The next morning we started the wash down of all the trucks and trailers. They are all washed by hand, being rinsed, washed, then dried with squeegees and shammy cloths. The hotel lets us plug our hose into their outside tap, and as a thank you we wash one or two cars of the staff. We started with the hard sided trailers, these needing the most care with washing as they are mostly in view by the public as they become part of the building. When it came to doing the curtainsiders it had started raining so we didn’t dry the trailers off as we were wasting our time. Although the trucks were on their first trip it was surprising how much dirt and how many flies they had collected on the run down. Some of the curtainsider trailers need a particularly thorough wash as they had algae growing in the folds in the curtain and behind the straps, having being parked up since last September at satellite depots. We managed to do 8 outfits on the first day, and retired for dinner around 6pm. The next day we started shunting the trucks down to the parking area and returning with the ones left there previously, and completed the wash process. We then took the last ones over to park up, the hotel had a function on at the weekend so it wouldn’t be fair to be taking up all the parking spaces. At the circuit we weren’t allowed in for another day, although teams such as Ferrari had been allowed to enter, it’s not what you know…………… As the parking area is a real dust bowl the hard sided trailers had been lined up alongside a tarmac road, and the curtainsiders placed on the dust bowl side of them to protect them from dust and any stones that got flicked up. As we parked the very last one a convoy of 15 Stobart curtainsiders came racing into the parking area throwing dust and stones everywhere, not slowing down at all. Stobart are very disliked in the F1 circus due to them carrying out free haulage for teams, and as an obvious result of this using normal road going trucks while the other teams have properly liveried up vehicles, and using general haulage drivers who are blissfully unaware of the etiquette at circuits. This was why the convoy sped in in a cloud of dust, throwing dirt over freshly washed vehicles. They are now not the only ones doing cheap F1 haulage. Schenker have followed the trend too and supply the Mercedes AMG Petronas team free of charge (a Schenker advert is placed on the race cars as a fee) and put a fleet of low ride Mercedes Actros trucks in last year. What with a couple of Warberer trucks parked there the parking area soon resembled a truck stop rather than an F1 paddock! And that was our work completed. The following day all of us bar 2 flew home, the remaining drivers would shunt all of the trucks into the circuit the following day and park them up. When the riggers came in later that day they would move and unload the trucks, and start the 3 day build up of the Brand Centre. Our next job would be to fly back out to Barcelona and move the trucks up to Monaco where they would do the whole thing all over again.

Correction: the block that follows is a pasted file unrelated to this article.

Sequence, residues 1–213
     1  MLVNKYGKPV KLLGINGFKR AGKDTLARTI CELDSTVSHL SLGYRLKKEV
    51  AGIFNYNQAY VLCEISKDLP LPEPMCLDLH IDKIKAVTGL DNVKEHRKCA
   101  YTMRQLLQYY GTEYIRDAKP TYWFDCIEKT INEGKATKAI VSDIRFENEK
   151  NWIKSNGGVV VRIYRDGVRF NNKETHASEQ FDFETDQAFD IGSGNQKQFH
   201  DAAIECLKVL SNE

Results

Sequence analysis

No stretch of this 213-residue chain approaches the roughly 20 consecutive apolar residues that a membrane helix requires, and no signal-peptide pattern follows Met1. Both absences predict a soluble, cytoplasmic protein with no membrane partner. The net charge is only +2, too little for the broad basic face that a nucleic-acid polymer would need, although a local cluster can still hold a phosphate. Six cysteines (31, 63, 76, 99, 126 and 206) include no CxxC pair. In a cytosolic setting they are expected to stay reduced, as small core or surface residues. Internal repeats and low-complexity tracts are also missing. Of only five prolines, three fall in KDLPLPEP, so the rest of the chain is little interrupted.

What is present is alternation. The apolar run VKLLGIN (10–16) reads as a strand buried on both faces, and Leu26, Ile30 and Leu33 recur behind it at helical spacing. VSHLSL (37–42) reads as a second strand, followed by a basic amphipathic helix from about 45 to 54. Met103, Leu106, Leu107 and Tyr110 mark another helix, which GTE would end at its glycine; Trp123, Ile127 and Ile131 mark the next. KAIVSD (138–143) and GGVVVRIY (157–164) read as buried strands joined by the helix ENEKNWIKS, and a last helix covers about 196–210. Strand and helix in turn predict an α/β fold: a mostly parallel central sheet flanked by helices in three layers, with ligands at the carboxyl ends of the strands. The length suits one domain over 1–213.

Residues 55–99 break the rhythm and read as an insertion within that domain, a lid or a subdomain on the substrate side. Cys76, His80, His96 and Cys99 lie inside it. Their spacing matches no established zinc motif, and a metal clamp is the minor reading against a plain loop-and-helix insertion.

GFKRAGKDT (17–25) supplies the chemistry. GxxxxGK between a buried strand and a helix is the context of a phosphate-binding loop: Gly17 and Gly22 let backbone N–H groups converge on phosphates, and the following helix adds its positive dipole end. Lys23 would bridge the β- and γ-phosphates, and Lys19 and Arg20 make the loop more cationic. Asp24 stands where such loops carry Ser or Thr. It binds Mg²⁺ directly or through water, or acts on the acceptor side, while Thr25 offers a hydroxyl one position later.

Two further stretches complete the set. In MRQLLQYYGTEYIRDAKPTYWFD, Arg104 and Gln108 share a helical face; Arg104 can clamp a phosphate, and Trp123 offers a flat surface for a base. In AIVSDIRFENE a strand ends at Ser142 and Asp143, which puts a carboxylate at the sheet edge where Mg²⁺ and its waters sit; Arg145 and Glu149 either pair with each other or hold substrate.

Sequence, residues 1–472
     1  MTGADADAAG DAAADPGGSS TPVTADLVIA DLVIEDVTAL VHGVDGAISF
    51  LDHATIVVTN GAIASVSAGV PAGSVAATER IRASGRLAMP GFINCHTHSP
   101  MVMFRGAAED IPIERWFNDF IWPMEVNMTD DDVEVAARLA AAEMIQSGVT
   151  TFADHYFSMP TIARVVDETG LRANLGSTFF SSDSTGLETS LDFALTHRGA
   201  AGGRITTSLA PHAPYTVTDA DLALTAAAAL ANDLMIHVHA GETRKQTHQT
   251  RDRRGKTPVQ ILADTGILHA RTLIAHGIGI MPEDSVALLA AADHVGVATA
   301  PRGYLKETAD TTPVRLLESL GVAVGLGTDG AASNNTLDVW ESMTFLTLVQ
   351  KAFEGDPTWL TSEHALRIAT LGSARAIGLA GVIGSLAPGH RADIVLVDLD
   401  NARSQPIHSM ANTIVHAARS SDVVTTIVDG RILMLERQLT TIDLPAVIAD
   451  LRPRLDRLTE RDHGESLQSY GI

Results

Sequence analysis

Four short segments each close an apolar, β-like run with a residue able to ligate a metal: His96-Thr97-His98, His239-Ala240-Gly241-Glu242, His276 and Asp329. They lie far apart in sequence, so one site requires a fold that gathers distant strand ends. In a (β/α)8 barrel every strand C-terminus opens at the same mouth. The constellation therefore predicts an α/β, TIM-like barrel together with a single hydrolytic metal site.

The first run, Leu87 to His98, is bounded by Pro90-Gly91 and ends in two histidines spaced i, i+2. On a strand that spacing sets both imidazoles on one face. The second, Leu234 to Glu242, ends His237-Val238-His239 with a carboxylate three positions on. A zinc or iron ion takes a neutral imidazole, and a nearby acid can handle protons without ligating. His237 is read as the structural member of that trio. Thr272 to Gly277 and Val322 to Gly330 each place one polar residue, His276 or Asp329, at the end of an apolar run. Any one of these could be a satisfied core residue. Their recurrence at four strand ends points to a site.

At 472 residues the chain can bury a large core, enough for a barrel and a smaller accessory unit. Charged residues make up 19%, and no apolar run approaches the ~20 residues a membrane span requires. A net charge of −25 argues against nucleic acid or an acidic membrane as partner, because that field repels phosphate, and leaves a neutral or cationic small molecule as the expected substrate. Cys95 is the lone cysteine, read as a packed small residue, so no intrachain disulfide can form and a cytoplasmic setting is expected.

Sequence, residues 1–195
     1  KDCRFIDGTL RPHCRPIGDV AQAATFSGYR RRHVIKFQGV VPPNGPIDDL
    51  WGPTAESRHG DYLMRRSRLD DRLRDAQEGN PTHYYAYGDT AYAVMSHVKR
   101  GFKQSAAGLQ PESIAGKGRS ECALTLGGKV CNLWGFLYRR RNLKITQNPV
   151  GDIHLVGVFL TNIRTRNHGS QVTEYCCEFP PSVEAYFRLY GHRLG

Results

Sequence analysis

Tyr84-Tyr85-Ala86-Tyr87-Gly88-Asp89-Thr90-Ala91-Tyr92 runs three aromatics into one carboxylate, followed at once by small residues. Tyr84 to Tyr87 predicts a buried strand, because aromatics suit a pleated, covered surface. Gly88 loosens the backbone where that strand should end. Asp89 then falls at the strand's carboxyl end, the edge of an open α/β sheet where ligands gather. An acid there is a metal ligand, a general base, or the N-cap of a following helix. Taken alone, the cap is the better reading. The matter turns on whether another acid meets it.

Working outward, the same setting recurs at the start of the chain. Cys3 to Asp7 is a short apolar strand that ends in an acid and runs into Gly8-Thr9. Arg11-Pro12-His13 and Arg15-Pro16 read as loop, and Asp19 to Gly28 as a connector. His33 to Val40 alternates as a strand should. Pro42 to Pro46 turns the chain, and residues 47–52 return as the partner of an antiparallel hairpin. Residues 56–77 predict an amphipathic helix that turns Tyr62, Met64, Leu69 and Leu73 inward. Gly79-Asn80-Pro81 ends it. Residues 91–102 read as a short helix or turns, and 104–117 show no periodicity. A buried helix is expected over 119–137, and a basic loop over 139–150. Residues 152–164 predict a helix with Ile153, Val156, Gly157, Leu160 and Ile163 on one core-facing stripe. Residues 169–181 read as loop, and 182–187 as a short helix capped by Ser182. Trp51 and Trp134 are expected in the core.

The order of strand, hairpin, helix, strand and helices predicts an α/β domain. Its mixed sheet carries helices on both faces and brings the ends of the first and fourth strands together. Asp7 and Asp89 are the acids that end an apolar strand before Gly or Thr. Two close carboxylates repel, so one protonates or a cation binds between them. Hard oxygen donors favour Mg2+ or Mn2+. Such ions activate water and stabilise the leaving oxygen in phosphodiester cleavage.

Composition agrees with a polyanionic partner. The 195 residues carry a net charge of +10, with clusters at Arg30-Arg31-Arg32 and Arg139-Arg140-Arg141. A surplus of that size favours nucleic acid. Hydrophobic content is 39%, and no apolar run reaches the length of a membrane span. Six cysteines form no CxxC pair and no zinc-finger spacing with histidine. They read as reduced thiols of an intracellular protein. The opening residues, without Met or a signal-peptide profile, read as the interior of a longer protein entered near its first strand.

Once again I got trumped on a bank holiday weekend by Mr Marsh! At the beginning of May Marshy spent the bank holiday on the delightful island of Guernsey In the English Channel and then last weekend for May’s 2nd bank holiday (UK bank holiday) he was back on the white isle in the Spanish Mediterranean…….Ibiza.
As can often be the way with express work, the schedule was a tight one and relied heavily on catching the right ferries at the right time. If you need someone to meet such deadlines then Steve Marsh is your man, sorry MAN! Here’s the basic schedule;
– Load Sunday Evening Nr Spalding, GB.
– Catch the ferry Tuesday night from Barcelona to Ibiza.
– Tip & ReLoad Ibiza Thursday.
– Catch the ferry from Ibiza to Barcelona Friday daytime.
– Deliver back to near Spalding, GB Sunday afternoon.
Last August the little MAN delivered down in the south of Ibiza, This time around it was a tip and load in the North East of the island. Surely that is the mark of logistical excellence? Tip and load at the same place on a Mediterranean island? The stuff the romance of the road is made of! Although I have to say keeping an eye on Facebook there are a load of UK people out and about at the mo, Iceland, Ibiza and Sardinia to name a few destinations. Perhaps the UK transport scene is moving into the specialist market more and more, hence the more exotic locations?!
I’m sure Marshy has definately spent nights in far less glamorous locations with far worse views! Oh life on the road, if ever a Destination Doha phrase should be applied it should be here; “The sun never sets on a long distance lorry driver” – Well if ever it did, that is the place for it. Look at me getting all romantic, hmmm more like missing life on the road to be fair. 8 years off the road and I still miss it, so please keep sending your pics and stories. If anyone else wants to write a diary piece or anything please feel free and then email me words and photos or like Marshy, you can send details and photos and I’ll do the words. My email; email@example.com – come on get emailing you’ve all got a story to tell.